Difference Between Long-Term Capital Gains Tax And Short-Term Capital Gains Tax

  • Blog|Income Tax|
  • 3 Min Read
  • By Taxmann
  • |
  • Last Updated on 24 May, 2021

Capital Gains Tax: 

Capital gain is the profit earned on the sale of capital assets such as real estate, mutual funds, bonds, and stocks. Those owning the assets and earning gains from the sale of such capital assets are required to pay tax on gains. , In most cases, the tax rate on capital gains is lower than that on your regular income. The exact tax rate on capital gains is subject to a period of holding of a capital asset which bifurcates the capital asset into long-term and short-term capital asset.   Capital gains earned on long-term capital assets and short-term capital assets are taxed at different rates. Before we delve deep into the differences between short-term and long-term capital gains tax, let us first clarify what these are all about. 

Understanding two types of Capital Gains Tax: 

Capital gains tax can be classified under two heads – short-term and long-term.
Capital gains arising on sale of short-term capital asset is treated as short-term capital gains whereas capital gains arising on sale of long-term capital asset is treated as long-term capital gains.

Short Term Capital Asset: 

If a capital asset is held for a period of 36 months or less preceding the date of its transfer, it will be treated as a short-term capital asset.
However, the period of 36 months has been reduced to 24 months in case of unlisted shares and the immovable property being land, building, and house property.
Further, in the case of listed securities, a unit of the Unit Trust of India, a unit of an equity-oriented fund or a zero-coupon bond, the period of holding of a capital asset shall be taken as 12 months to treat the capital asset as short-term.
Any capital asset other than short-term capital asset is treated as long-term capital asset.
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Learning the difference between short term & Long term Capital Gains:

The investors, who have a lot of patience and pragmatism, are rewarded in accordance with the tax laws. The tax rate that you need to pay on a long-term capital gain is significantly lower than the tax rate on your regular income. On the other hand, the tax rate payable on your short-term gains is as same as the usual tax rate. However, if gain arising on the sale of securities on which securities transaction tax (STT) is paid, the short-term capital gain is taxable at the rate of 15%.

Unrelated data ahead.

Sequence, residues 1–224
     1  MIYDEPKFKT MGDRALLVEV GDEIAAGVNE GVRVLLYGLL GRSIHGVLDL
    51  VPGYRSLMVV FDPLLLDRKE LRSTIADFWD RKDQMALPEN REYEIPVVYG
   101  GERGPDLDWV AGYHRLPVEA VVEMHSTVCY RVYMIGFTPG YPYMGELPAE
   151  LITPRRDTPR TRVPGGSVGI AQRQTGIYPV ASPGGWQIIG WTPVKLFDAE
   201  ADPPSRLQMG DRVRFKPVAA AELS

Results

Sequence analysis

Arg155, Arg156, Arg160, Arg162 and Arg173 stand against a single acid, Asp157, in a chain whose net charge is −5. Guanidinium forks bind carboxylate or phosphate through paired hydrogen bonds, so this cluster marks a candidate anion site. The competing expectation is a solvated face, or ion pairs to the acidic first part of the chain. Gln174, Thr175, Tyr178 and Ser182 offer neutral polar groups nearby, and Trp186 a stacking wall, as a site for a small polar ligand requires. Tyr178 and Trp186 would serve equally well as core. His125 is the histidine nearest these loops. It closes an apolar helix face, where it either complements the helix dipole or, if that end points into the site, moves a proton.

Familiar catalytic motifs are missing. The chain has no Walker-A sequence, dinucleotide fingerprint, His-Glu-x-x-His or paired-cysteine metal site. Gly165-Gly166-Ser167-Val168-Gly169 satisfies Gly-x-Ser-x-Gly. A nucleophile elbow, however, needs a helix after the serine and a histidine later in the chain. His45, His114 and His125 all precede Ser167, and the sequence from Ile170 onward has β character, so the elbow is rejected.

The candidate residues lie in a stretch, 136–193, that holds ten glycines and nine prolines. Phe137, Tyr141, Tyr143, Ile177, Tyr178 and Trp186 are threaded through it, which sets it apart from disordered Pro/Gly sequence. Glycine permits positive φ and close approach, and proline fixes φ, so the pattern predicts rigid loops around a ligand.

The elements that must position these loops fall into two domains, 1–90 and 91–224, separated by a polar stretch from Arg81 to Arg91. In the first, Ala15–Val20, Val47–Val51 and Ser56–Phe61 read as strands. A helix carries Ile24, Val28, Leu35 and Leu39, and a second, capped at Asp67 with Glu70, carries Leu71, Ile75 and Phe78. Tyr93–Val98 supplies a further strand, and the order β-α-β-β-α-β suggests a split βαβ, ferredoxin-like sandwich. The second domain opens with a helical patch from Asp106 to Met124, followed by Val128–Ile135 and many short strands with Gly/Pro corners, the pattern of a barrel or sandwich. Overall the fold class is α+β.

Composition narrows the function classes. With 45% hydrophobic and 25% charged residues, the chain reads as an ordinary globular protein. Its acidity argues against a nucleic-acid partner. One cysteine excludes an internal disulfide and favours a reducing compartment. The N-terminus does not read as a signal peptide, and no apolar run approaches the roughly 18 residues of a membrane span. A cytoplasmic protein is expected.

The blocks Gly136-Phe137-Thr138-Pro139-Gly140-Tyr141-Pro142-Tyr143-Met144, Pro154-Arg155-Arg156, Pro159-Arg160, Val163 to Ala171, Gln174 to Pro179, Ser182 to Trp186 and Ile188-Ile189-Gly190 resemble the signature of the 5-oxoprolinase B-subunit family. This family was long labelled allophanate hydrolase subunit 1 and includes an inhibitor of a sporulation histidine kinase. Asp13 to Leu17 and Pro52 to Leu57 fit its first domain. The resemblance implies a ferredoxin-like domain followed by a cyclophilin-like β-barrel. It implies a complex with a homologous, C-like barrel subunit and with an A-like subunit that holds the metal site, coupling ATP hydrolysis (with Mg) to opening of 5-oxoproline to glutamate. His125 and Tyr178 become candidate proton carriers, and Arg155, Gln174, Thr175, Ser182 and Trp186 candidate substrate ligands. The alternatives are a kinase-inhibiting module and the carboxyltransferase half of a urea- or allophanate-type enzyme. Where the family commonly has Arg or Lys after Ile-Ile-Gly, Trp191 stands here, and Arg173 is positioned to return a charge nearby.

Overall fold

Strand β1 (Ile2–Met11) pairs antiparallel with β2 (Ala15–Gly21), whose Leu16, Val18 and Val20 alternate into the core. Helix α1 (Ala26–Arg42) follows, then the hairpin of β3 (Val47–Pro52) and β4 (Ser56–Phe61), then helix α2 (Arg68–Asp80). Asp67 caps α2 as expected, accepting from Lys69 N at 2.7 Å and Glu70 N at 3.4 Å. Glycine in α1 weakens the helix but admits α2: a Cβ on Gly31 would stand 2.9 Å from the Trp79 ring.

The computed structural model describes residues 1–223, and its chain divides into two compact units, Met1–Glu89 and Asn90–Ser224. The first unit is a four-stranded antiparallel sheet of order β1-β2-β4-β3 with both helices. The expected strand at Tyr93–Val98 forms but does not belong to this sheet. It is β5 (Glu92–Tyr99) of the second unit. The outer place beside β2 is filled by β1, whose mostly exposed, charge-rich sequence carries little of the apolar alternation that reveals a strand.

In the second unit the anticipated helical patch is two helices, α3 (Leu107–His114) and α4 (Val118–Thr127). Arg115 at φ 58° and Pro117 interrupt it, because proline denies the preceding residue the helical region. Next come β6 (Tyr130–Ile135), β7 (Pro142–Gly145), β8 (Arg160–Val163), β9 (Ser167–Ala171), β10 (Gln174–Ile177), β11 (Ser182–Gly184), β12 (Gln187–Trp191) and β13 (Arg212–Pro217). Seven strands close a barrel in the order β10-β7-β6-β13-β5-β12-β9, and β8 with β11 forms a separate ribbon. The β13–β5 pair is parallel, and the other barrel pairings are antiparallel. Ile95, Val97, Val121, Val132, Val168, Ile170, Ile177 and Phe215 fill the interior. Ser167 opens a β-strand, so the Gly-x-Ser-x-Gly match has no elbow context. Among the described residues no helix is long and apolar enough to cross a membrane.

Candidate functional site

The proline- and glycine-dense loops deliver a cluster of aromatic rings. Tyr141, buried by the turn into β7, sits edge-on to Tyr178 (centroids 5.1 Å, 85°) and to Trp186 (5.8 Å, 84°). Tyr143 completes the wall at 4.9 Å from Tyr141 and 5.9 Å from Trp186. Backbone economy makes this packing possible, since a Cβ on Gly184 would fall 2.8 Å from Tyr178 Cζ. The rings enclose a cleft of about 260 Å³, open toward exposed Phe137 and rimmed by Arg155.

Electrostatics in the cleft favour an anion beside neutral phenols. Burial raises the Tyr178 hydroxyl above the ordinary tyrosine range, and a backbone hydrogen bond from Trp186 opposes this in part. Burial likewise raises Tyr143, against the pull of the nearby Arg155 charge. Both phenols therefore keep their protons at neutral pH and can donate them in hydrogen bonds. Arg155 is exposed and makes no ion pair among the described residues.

The basic difference between the two types of capital gains tax makes it clear that if you hold an asset for more than prescribed periods, it would benefit you in terms of the payable amount of tax. Therefore, you should take a closer look at the calendar after deciding on selling your income-generating asset. 
Even if the holding period for your saleable asset is more than 1 day from the prescribed periods of holding , it will be considered a long-term asset and you will be benefitted from the lower tax rate on the capital gains from the saleable asset. 

Effect of Income on Capital Gains Taxes: 

Capital gains tax is like direct tax (such as income tax). Both are progressive, implying that the impact of capital gains tax is more on the people in the higher income bracket. 
The short-term capital gain tax is added to your income and taxed as per the slab rate of the taxpayer except in the case of the sale of listed securities. In case, it is a long-term capital gain, the income is taxed at a 10-20% rate. Sometimes, you are not required to pay even a single penny on your long-term capital gains, depending on your ordinary income. For example, long-term capital gains arising on the sale of listed shares are not taxable if capital gains earned are not more than Rs. 1,00,000.


The tax rates on capital gains as explained above hold true in most cases. We do hope that the above-stated clarification has dispelled your doubts about “long-term capital gain tax and short-term capital gain tax”. 

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